One-sided businesses view their world as a linear supply chain moving from raw materials to suppliers to manufacturing to wholesalers to retailers to the customer. The manufacturer in the middle of the linear chain has only one side facing the customers: the link representing the people or businesses manufacturers sell to. Kentucky Fried Chicken buys supplies and makes meals for its customers. The people who come in to buy a meal don't care where the chicken came from, and the chicken farmers don't care who eats their chickens.
Some one-sided businesses can morph into multisided businesses. Amazon.com started by selling books to customers online. As it grew and collected its audiences, Amazon launched an online shopping mall where sellers can interact with users. The mall now accounts for more than one third of Amazon's revenue.
Chemical catalysts bring about reactions that would not occur without the catalyst's presence or bring them about much faster, more specific, or at lower temperatures. Economic catalysts—catalyst businesses, which are the multisided businesses referred to by theCatalyst Code's title—are defined as "an entity that has (a) two or more groups of customers; (b) who need each other in some way; but (c) who can't capture the value from their mutual attraction on their own; and (d) rely on the catalyst business to facilitate value-creating reactions between them" (Catalyst Code, p. 3).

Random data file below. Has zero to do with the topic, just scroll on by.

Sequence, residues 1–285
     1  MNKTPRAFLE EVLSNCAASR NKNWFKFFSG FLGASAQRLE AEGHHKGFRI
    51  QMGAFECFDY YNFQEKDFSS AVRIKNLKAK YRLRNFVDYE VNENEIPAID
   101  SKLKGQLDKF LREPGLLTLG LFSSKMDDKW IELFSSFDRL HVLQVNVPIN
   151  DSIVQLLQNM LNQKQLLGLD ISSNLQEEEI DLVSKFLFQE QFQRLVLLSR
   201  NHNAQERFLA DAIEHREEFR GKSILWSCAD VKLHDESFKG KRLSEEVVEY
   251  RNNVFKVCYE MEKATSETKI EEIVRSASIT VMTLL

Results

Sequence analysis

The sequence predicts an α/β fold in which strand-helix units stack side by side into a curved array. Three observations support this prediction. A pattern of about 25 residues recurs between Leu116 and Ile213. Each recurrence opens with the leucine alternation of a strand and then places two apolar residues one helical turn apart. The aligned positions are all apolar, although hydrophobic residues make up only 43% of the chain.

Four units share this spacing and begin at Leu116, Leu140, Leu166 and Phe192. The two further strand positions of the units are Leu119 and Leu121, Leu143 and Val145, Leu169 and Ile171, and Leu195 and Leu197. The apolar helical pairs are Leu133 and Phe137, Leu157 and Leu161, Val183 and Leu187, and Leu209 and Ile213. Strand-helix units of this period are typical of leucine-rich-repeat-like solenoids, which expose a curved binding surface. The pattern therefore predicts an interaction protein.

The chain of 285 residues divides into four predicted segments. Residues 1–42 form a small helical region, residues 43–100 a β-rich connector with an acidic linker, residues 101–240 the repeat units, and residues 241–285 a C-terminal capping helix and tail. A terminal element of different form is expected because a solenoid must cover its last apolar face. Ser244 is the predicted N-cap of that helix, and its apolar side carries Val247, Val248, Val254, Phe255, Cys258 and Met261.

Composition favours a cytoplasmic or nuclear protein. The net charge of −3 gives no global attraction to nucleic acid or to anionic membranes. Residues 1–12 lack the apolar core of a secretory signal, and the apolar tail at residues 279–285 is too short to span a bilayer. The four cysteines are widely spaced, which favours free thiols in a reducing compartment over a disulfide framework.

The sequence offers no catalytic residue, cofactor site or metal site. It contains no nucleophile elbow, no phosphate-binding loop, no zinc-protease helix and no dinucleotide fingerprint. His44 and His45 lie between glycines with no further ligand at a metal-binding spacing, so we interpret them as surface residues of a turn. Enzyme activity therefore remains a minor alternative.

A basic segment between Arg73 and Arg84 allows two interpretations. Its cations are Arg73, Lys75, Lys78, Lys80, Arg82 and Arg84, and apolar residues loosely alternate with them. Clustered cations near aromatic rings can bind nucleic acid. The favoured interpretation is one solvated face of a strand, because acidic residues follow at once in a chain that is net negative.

MasterCard, Microsoft's Windows operating system, and shopping malls are examples of catalyst businesses. These businesses owe their profits to a business model that makes it easy for buyers and sellers, developers and users, and shoppers and shopkeepers, respectively, to get together and do business. Catalyst businesses create convenient and appealing platforms that attract and benefit two or more customer groups.
In the authors' view, catalyst businesses may have one or more of three core catalytic functions. One is the matchmaker role typical of eBay or your local farmers market. A second is the audience-building role typified by Google or your local newspaper, which try to collect audiences that advertisers want. The Windows operating system and SAP enterprise software illustrate cost minimizing, the third role.